From the top, we see Eliza Kwan and Sarah Riley atop the list from Australia. Two women who race all out, and who arrived in the Val Gardena earlier this week full of excitement. The reality of the brutality of the climbing on the course, and the altitude, means that they both might not achieve their best possible results. But their attitudes mean that they will give everything they have. It would be great to see one of them sneak into the top 20.
Austria – a different story Sabine Sommer and Christina Kollman have the experience to have great races, and are likely to both finish in the top 10.
Belgium, Brazil and Croatia field good riders – but no podium contenders. Tereza Hurikova doesn’t seem to be where she was a couple of years ago, but could turn in a good top 10 ride.
Annika Langvad is the sole racer from Denmark – and could ride away with the title. Langvad has been working on her technique and form in the World Cup – and finishing well. XCM races often have pretty plain singletrack, but some of the descents in the Sellaronda route require a lot of commitment due to their exposure, steep pitches, or rocks. Or all three.
Helene Marcouyre of France could well trouble the top 5, but might lack the fire power of the top ladies.
Great Britain has four women racing, and Sally Bigham is an outright favourite, having won on the course before. More than that, she is one of the most professional athletes in mountain biking, with a very precise approach to training, racing and recovery. She has a lot of talent. I recall her riding past me (in the 11) like I was standing still at the 2008 British XCM Champs, with a long pony tail and a terrible club cut Topeak-Ergon jersey. Times have changed. I don’t recall ever being in front of her in the past few years.
Rachel Fenton has been training in Livigno, like many of the cool kids of XCM racing, and looks to be focusing on beating her 2013 result. Mel Alexander is in great form, and these two may well end up racing a lot of the event together.
Germany – 16 riders! with some notable names like Katrin Schwing and Elisabeth Brandau in there, Sabine Spitz also stands out of course, with Bettina Uhlig. Spitz could make the podium on a great day, and Brandau might actually make the top 5 too. They’re both super strong.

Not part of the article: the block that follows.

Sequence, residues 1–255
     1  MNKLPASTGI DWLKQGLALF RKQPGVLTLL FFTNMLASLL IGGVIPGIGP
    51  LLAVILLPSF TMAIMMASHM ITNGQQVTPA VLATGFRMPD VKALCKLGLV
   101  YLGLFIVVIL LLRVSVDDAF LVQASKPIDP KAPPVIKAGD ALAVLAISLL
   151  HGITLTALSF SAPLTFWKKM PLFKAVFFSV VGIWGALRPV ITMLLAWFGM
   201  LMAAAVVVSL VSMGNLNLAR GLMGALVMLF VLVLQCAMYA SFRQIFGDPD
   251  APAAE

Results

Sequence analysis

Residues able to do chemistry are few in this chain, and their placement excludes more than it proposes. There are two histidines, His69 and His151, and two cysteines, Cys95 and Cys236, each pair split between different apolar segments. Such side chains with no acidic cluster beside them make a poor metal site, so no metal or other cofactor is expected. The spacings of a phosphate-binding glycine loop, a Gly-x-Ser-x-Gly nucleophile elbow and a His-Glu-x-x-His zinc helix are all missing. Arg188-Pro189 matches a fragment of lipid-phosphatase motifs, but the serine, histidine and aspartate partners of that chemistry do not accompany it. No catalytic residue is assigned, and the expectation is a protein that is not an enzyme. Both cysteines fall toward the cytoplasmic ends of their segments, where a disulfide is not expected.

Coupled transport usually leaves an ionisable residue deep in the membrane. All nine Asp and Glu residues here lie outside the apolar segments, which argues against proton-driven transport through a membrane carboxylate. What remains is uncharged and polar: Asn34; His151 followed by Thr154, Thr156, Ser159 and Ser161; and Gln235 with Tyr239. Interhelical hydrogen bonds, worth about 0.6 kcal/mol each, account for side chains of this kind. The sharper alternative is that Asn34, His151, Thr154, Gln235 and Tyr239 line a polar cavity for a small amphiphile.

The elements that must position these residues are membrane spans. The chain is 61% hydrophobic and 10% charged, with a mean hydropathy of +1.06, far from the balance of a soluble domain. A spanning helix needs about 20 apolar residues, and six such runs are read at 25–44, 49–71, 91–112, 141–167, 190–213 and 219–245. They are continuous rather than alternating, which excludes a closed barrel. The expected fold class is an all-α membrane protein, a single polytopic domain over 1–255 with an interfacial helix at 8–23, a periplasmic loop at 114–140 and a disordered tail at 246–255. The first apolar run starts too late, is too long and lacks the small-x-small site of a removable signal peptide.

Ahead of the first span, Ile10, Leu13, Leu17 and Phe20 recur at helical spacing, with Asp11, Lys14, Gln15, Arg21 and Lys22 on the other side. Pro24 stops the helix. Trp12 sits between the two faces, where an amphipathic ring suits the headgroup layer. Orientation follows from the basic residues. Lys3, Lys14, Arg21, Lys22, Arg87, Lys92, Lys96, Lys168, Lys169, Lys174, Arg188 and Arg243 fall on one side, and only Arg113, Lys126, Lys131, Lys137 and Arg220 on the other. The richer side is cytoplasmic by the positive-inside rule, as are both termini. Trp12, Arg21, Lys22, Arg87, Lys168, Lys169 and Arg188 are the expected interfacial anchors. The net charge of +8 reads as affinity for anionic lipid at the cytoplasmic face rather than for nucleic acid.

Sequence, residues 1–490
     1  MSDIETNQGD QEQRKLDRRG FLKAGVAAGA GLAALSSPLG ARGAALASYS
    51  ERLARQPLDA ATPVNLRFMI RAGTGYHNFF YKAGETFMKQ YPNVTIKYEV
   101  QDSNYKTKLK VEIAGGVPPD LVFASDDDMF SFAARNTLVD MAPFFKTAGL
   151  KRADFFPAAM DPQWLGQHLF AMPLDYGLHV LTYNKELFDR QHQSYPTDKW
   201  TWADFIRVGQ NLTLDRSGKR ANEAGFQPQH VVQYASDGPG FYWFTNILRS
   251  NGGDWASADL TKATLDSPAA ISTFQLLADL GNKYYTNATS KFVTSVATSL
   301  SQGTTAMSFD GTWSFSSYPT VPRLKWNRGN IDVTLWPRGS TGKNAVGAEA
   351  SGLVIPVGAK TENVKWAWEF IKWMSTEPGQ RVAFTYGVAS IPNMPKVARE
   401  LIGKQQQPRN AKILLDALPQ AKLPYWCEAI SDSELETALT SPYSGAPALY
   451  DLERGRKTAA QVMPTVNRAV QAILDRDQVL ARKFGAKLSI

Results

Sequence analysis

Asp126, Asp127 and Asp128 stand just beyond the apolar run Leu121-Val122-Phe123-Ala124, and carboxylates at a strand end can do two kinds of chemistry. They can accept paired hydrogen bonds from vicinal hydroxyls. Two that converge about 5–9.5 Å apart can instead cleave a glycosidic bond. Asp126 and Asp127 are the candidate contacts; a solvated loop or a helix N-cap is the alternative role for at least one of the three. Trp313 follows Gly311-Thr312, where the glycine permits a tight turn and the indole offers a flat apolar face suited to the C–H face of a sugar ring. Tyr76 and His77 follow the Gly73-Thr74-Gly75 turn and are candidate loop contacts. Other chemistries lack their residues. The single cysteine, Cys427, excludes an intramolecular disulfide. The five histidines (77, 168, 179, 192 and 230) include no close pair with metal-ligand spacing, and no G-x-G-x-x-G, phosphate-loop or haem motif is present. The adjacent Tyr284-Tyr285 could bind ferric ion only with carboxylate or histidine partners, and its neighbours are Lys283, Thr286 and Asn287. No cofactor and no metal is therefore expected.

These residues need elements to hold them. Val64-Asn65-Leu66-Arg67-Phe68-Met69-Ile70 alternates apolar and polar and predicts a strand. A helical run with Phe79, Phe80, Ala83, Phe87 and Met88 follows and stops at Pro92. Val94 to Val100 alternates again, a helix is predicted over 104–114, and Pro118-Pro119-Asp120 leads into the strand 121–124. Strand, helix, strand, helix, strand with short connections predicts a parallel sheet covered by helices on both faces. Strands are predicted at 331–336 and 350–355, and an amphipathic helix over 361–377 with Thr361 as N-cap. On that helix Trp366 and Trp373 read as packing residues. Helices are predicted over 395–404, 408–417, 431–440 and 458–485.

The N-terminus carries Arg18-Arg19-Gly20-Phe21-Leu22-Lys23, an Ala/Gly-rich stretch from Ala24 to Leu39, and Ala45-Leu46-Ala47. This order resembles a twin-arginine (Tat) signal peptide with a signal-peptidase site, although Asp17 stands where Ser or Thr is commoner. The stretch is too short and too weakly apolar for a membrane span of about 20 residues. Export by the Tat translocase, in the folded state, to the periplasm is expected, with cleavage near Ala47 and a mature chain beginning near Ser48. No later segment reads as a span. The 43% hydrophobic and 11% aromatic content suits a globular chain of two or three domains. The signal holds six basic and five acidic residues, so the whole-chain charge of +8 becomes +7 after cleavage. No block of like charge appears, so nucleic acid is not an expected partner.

The Italian women’s team has just two riders, but both Elena Gaddoni and Daniela Veronesi have lots of experience. A top 10 would be a great result for either of them.
Sanne van Paassen just won Bike4Peaks, but in a not too strong women’s field it’s hard to draw conclusions from that. Shes likely to be the strongest from the Dutch team – but Nienke Oostra could well be a crowd favourite thanks to her fighting spirit.
Norway’s Gunn-Rita Dahle Flesja seems unstoppable when she has a target. Will this be a repeat of 2013? Will she pip Bigham for the title? She’s been leading World Cup XCO races, so she’s fit. She can climb. She can descend. It’s very hard to split her from Bigham and Langvad for the title.
The next threats come from Switzerland (big surprise) and Ariane Kleinhans will be in the hunt for a medal, as will Cornelia Hug and newly crowned Swiss XCM Champ Esther Suess. Milena Landtwing could fill out the top 5 with a good ride.
It’s interesting to see Lea Davison is racing for the US. This could be prep for the Lenzerheide World Cup – but it could also disrupt the front of the race if she goes all out with some XCO style speed with Gunn-Rita and Annika Langvad.
Of course, this is all speculation. We’ll have to wait and see what the race holds. We’ll be tweeting our thoughts through the race. So follow @marathonmtb to get our feedback.